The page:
(Portulaca oleracea ssp. sativa— Family Portulacaceae)
Purslane, common/kitchen/garden/summer purslane, portulaca, pussley, pursley
verdolagas (Latin America), munyeroo/purslane (Australia), pigweed (North America)
Purslane mostly grows wild. It is a member of the Portulaca family, which has some thirty genera and 300 species, mainly indigenous to the tropics and subtropics.
Purslane has been cultivated for centuries in the areas of its origin; China, India, and Egypt for its succulent shoot tips, stems, and leaves.
However, the well-known 19th century horticultural writer, Loudon, wrongly attributed its origin to Latin America, which has, ever since, caused much confusion.
This may have stemmed from the fact that shiny, black, purslane seeds
have been recovered from prehistoric hearths found at Salmon Run on the San Juan River, at Chaco Canyon, Mesa Verde, and Canyon de Chelly, and almost every other “puebla” site that has ever been analyzed for ancient food consumption.
So ancient and widespread is the purslane that it is labelled now as a refound vegetable rather than a new one.
Almost every country has it growing wild.
Purslane is a fast-growing herbaceous annual with thick, fleshy, oval leaves. It was highly esteemed in ancient Egypt and cultivated in Europe as far back as the Middle Ages, but fell victim to other alternatives like spinach.
Purslane is now cultivated only on a small scale in France, Belgium, and Holland for specialized connoisseurs in the US. Purslane was often used as a protective agent against “evil spirits and blastings of lightnings or other planets and burning of gunpowder”. Its effectiveness is not recorded, however.
Its name in Malawi translates as “buttocks of the chief’s wife”, possibly referring to the plants rounded leaves and juicy stems.
The original wild plant had small green leaves and a sprawling habit; but cultivated, it grows upright, producing large emerald green or golden leaves which are fleshy and mucilaginous with a mild flavour.
The yellow-leaved, and less hardy, variety is more succulent, but less flavourful. The leaves, which are more like pads, are usually cooked like spinach or eaten raw as a salad vegetable.
In Australia, the wild plant, or at least a close relative, produces pretty yellow flowers and is known as munyeroo or purslane. In North America, this same adorable plant has another name — pigweed.
Purslane is rich in beta carotene, folate, Vitamin C, and essential fatty acids. It was traditionally used as a remedy for dry coughs, swollen gums, and when infused in water, a treatment for blood disorders.
With its high amounts of essential fatty acids, purslane is now being recognized as having some merit in preventing heart attacks while stimulating the body’s immune system. However, pregnant women and those with digestive disorders should not eat this vegetable in large quantities.
Like spinach, it has a high oxalic acid content. The nutty but tangy leaves are available only infrequently from spring to fall and are prepared like spinach or used raw as a condiment.
Winter purslane, miner’s lettuce, claytonia, spring beauty, Cuban spinach, Cuban lettuce, Spanish lettuce, Indian lettuce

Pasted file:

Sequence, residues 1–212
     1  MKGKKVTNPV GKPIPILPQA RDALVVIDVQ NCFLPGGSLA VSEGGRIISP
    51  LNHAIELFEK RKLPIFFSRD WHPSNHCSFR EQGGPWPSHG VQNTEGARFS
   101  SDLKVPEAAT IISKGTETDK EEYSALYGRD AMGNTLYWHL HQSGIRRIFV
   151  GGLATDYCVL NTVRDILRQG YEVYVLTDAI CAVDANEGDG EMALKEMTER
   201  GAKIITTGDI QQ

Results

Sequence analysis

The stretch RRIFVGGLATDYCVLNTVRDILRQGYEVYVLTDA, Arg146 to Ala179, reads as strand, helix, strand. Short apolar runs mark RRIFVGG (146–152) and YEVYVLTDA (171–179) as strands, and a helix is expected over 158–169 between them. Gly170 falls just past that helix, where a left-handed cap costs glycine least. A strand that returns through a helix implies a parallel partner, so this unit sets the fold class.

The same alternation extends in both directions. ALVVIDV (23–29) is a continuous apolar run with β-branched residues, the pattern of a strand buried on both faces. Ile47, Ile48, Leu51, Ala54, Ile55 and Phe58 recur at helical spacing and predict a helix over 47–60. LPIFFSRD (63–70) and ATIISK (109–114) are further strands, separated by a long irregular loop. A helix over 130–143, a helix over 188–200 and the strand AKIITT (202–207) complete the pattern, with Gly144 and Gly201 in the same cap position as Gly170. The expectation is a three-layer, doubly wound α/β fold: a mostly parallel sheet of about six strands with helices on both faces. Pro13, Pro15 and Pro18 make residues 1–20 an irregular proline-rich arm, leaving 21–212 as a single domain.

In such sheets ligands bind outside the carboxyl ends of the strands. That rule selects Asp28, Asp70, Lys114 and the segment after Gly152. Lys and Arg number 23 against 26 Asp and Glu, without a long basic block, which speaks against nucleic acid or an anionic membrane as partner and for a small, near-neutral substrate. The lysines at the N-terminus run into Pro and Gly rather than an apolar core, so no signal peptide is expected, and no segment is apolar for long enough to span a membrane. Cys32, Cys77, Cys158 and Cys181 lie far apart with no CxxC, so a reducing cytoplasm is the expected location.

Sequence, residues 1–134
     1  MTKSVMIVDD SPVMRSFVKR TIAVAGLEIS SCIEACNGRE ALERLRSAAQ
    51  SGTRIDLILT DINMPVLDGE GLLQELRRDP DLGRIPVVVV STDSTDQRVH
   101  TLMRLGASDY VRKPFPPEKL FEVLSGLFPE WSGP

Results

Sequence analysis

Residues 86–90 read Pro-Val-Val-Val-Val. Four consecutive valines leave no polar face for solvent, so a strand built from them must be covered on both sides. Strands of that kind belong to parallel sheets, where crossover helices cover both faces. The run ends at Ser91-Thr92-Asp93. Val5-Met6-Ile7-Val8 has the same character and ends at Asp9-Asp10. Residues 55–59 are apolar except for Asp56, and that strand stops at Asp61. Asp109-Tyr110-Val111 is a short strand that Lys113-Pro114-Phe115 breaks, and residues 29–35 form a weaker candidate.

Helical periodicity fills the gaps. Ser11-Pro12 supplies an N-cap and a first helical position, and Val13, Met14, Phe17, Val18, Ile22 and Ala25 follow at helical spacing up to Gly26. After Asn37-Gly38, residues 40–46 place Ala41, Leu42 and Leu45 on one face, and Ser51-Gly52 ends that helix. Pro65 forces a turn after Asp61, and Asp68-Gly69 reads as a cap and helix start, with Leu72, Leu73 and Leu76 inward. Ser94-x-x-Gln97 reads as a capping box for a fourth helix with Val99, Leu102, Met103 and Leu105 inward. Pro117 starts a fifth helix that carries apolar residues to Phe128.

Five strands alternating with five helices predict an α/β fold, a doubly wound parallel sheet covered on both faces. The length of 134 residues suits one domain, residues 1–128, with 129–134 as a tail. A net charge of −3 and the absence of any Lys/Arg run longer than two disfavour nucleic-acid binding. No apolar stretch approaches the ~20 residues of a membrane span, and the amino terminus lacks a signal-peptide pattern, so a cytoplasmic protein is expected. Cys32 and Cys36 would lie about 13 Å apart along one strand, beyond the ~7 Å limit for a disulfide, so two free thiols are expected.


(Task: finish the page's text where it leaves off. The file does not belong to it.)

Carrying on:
(Montia perfoliata, formerly Claytonia perfoliata – Family Portulacaceae)
As its name suggests, this delicious salad green appears toward the end of winter in contrast to true purslane, which is a summer arrival.
Like the summer purslane, where the winter variety originated is in doubt as it can be found in almost every country of the world, although many believe that it is one of the few native American plants to travel to Europe to be adopted there under the name of Winter purslane.
It is more appreciated and cultivated in Europe than in the Americas, where it is found growing as far north as British Columbia.
This plant bears two forms of leaf, both of which are decorative. Wild purslane seems to grow naturally in most organic gardens, but the cultivated variety is quite different. The wild has a sorrel tang with a hint of tomato, while the cultivated types can be bland and slimy; but it looks cute, if nothing else.
The tender leaves are rich in vitamins and minerals, and usually harvested while they are still young and small. The leaves contain about thirty times more Vitamin C than the edible stems.
Its flavour is best when used raw in salads rather than cooked like spinach. Its mucilaginous quality is very much like okra when cooked, so makes a better addition to soups and stews than as a solitary sidedish.
When winter purslane is allowed to grow a little longer than usual, the leaves develop a characteristic bowl or plate shape. “Lettuce” is an unlikely description as the juicy, pea-green cupped, elfin “lily pad”-type leaves perched on thin stalks just do not resemble any common type of lettuce at all, nor does its taste and texture have anything in common with that vegetable.
The only thing it does have in common with lettuce is that both can be used raw in salads.
Indian lettuce is another name that sometimes appears in field guides. The American Indians ate it raw, cooked, and made a tea from the plant.
As for the term “miner’s”, the gold-rush era served up many cheap foods; and this one was an inexpensive green readily available for the constant influx of people. Unfortunately, the name reminded proper Americans of its rough-and-ready history helped prejudice 19th century Americans against this “common weed”.